This followup to the 2000 period buddy comedy that incongruously paired Jackie Chan and Owen Wilson suffers from a nearly fatal case of sequelistis. “Shanghai Knights” is a more sumptuous, lavish picture that “Shanghai Noon” was–Allan Cameron’s production design is often elegant, and it’s all been filmed in bright, crisp tones by Adrian Biddle (though some of the process establishing shots are rather phony). The period convolutions of the script are more elaborate, too. But it’s a lot less amusing; even the title can’t hold a candle to its predecessor’s witty moniker.
The movie is set a few years after the end of the original; Chon Wang is sheriff of Carson City, and Roy O’Bannon a roguish fop leading the high life on credit in New York. When word reaches Wang that his father, the keeper of the Chinese imperial seal, has been killed and the great seal itself stolen, he hastens to New York to retrieve funds that O’Bannon has supposedly invested for him in order to travel to London, where he’s going to help his sister Lin take vengeance on the killers and retrieve the emperor’s property. Naturally this leads to a series of supposedly hilarious complications, mostly due to Roy’s ineptitude and penchant for braggadocio, in both New York and London. There are also lots of choreographed fights in the usual Chan mode, plus plenty of slapstick and action involving historical personages and threats against the British crown (in the person of Queen Victoria) as well as against the emperor of China. None of it makes much sense, of course, but that’s in the nature of nonsense–an amusing example of which is what the picture aims to be.
Not surprisingly, the best parts are the more imaginative of Chan’s routines, in particular one in which he uses umbrellas as props and does a parody of Gene Kelly’s famous “Singin’ In the Rain” number, and another in which supposedly valuable vases play an important role. But to be honest, though Chan remains remarkably nimble and fleet for a guy approaching fifty, his other set-pieces aren’t nearly as impressive–a climactic sword fight, for example, is merely repetitive and curiously dull. To add to the woes, the repartee between the leads is almost painfully flat. That’s not just because Chan’s command of English inflection remains poor, but because the material given to Wilson is simply dreadful. (It’s amazing, for instance, that he’s compelled to do one of the oldest routines in the book as a tourist annoying one of those supposedly unflappable guards at the palace gates. Even a comic as shameless as the late Milton Berle would have been embarrassed to resurrect the old chestnut, but it’s disinterred here without apology.) And the anachronistic surfer-dude delivery that had a certain charm in the initial installment is a distinctly old joke this time around. The picture doesn’t have a good villain, either: Aidan Gillen does a pallid imitation of Gary Oldman as the wicked British nobleman Rathbone. (At one point, the plot thread involving him promises a reprise of “Kind Hearts and Coronets,” but the idea quickly vanishes.) Arnold Johnson seems a British Crispin Glover as Arthur Conan Doyle, with whom the boys fall in, and Fann Wong is photogenic but little more as Wang’s sister–though her athletic feats are striking.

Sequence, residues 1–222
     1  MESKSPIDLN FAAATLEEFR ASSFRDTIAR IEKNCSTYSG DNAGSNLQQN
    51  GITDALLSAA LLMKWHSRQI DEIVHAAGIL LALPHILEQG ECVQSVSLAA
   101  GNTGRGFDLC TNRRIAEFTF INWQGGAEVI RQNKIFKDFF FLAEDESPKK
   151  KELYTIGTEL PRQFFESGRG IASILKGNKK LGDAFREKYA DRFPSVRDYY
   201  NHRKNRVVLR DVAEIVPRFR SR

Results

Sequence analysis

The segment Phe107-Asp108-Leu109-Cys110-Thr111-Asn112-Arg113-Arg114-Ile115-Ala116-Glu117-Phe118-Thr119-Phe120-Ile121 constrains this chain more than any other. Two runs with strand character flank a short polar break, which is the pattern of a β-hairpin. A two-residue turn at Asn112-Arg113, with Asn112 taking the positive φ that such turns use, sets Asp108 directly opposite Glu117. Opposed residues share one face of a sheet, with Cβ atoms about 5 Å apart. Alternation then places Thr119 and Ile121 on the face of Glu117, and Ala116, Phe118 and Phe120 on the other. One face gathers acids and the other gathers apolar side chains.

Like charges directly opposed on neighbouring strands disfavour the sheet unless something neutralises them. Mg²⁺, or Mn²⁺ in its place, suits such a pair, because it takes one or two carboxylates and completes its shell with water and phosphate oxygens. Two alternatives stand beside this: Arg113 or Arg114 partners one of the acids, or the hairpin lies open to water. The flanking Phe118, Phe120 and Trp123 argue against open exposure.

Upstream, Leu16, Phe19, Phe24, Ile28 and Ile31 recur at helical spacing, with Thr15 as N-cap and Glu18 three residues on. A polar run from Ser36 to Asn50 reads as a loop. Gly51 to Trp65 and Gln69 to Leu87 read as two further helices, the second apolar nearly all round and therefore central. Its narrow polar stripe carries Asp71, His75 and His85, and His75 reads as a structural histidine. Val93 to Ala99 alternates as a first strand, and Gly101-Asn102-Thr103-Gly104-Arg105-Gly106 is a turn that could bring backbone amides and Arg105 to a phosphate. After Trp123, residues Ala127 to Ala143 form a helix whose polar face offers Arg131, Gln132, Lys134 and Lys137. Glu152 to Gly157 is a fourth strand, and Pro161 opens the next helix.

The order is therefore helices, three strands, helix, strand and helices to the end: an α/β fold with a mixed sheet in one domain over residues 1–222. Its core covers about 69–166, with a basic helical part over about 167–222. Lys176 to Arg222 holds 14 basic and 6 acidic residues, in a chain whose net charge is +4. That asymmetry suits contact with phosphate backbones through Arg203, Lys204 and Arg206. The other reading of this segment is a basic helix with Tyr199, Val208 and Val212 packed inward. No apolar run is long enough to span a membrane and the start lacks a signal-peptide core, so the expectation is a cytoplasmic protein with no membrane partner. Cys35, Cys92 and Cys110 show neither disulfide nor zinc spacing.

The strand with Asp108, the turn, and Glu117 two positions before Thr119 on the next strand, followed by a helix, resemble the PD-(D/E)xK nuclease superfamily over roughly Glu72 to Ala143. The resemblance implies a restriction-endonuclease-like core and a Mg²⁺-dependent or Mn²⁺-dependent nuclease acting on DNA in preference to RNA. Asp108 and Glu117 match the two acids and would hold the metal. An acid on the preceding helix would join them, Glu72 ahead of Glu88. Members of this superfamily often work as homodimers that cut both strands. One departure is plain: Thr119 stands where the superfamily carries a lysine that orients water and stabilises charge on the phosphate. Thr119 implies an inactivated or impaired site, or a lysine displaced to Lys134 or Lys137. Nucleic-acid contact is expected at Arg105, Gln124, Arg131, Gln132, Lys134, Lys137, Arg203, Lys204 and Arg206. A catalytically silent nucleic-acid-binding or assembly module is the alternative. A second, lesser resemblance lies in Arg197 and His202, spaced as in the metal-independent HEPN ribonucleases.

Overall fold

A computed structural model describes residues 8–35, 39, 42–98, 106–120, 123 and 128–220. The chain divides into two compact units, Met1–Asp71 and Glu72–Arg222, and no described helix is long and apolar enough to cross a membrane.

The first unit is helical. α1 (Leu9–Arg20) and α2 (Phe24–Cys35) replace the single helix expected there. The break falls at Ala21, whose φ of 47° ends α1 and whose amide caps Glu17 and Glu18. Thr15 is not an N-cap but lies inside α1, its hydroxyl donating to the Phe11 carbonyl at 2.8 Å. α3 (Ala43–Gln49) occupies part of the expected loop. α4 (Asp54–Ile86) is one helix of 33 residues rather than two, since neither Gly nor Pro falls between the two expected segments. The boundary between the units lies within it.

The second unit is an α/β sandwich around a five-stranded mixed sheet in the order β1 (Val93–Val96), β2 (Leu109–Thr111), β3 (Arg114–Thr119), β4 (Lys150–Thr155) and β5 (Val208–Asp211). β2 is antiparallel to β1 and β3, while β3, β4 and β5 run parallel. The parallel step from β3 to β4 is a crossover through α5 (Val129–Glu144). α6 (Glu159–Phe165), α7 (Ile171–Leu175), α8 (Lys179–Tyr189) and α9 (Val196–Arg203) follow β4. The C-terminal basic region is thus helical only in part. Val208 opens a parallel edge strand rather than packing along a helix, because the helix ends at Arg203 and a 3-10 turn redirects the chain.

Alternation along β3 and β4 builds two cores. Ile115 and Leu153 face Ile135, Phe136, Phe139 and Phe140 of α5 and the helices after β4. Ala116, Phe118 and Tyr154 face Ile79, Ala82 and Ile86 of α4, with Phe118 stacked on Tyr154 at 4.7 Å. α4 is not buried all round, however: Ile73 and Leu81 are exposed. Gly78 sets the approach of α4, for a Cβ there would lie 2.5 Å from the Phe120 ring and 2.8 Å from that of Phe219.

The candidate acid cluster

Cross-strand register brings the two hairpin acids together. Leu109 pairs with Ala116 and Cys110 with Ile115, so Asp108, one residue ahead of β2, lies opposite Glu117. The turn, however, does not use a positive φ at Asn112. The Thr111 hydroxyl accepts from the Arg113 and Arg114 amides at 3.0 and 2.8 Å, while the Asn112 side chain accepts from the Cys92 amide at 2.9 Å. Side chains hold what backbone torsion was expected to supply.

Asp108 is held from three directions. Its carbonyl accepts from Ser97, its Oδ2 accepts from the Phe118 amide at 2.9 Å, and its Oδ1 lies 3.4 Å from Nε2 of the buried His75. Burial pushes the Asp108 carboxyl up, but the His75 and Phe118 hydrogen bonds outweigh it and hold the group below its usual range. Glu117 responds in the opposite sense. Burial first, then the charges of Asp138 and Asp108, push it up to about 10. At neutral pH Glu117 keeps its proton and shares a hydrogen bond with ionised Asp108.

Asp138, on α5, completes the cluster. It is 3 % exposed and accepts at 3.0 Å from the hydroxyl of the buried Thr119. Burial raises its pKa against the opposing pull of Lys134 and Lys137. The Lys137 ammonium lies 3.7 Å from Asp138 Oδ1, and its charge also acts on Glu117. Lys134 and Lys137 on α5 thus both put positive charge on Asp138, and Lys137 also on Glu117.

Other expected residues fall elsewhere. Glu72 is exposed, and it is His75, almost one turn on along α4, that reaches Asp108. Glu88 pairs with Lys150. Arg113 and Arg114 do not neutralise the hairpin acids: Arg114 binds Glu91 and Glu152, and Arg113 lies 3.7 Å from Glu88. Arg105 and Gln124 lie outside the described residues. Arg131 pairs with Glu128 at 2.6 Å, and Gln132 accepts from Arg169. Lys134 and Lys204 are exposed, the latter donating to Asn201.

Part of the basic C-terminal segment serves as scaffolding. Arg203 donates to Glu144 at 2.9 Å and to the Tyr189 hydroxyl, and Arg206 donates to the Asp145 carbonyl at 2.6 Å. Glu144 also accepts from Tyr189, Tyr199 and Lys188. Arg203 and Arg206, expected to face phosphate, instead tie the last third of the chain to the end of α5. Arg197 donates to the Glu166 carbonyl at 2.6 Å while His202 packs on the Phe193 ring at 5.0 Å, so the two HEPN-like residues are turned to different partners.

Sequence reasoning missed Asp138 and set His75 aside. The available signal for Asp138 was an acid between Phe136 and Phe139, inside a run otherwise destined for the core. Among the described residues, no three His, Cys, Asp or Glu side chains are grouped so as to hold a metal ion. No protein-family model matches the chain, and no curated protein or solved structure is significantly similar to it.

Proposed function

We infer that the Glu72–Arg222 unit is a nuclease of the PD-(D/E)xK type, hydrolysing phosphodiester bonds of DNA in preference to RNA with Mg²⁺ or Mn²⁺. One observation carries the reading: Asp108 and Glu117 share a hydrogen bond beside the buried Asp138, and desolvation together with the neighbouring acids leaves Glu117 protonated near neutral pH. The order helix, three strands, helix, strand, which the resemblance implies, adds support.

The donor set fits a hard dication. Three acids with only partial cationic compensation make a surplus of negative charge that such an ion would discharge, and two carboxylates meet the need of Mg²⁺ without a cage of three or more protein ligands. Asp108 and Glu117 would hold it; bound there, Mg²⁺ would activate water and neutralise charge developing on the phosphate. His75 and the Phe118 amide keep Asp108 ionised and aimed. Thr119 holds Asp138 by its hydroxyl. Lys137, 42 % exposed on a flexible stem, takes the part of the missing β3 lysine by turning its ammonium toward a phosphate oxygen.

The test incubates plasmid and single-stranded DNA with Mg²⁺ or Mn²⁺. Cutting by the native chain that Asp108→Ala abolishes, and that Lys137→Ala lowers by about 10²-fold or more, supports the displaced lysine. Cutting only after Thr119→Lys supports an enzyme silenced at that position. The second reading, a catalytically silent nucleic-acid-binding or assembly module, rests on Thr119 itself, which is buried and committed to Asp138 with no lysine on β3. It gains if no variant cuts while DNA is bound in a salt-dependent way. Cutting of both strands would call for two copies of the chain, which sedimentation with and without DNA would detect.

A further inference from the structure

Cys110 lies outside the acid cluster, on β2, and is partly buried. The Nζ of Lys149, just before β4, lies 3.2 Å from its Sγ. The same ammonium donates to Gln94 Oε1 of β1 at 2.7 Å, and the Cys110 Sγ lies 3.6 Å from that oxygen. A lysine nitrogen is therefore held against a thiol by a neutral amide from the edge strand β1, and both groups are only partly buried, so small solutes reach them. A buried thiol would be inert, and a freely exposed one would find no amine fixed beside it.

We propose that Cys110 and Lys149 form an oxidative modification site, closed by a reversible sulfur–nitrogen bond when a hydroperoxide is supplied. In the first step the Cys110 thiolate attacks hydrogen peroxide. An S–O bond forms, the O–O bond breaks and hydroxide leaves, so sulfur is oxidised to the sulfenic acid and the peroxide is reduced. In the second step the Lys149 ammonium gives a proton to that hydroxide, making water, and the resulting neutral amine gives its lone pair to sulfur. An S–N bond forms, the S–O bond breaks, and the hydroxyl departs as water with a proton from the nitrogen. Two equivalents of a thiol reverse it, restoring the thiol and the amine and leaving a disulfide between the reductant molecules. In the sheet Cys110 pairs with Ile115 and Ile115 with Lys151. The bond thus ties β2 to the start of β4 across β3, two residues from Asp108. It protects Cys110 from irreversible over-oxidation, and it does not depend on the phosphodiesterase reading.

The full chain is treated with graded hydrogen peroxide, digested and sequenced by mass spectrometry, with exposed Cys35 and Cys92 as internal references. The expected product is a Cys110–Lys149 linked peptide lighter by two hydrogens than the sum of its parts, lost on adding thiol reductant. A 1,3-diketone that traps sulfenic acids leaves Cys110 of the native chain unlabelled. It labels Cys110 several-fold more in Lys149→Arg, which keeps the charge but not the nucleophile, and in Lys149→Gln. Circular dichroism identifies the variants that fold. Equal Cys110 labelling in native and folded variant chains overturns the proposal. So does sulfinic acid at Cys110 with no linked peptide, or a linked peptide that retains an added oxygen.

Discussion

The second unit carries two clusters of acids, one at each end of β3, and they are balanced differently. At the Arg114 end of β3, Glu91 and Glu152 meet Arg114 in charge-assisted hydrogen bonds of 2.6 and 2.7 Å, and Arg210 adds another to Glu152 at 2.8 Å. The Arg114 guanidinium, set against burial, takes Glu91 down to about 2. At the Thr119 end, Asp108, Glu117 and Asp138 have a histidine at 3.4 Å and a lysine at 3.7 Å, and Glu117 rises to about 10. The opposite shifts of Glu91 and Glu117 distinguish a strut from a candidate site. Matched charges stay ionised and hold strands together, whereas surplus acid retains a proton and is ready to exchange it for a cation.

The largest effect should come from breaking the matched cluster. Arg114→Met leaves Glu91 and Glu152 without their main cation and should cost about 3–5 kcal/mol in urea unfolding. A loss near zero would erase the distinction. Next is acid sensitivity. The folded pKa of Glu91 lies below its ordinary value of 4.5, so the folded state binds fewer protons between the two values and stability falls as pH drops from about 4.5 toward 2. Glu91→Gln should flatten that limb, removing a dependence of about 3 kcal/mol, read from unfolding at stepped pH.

The end result is that despite its polished surface, “Shanghai Knights” stumbles more often than it flies. If one wants to be kind he can point out that it’s better than “The Wild Wild West,” but that’s not saying much. When the more tedious bits of the picture cut in, though, a viewer can always amuse himself by toting up the historical howlers it purveys. The script does get the year of Queen Victoria’s jubilee correct at 1887, and it’s just barely possible that the first Sherlock Holmes story, published in that year, might have been inspired by Conan Doyle’s encounter with the likes of Wang and O’Bannon. It’s also feasible that telephones would have been found in a New York hotel by that year. But having Rathbone tool around the streets of London in a spiffy automobile is clearly absurd (Benz’s first prototype had only appeared two years earlier). Similarly, showing Whitechapel terrorized by Jack the Ripper at least a year before his murder spree began is a flub, as is depicting Charlie Chaplin as an Artful Dodgerlike street urchin two years before he was actually born. One shouldn’t be too hard on the screenwriters for these sorts of faux pas, of course; “Shanghai Knights” is designed as a comic concatenation of cultural artifacts, not a history lesson. Unfortunately, it’s also intended to be a jaunty, loose-limbed send-up of the action-adventure genre, and one can rightfully complain of how rarely it succeeds on that score.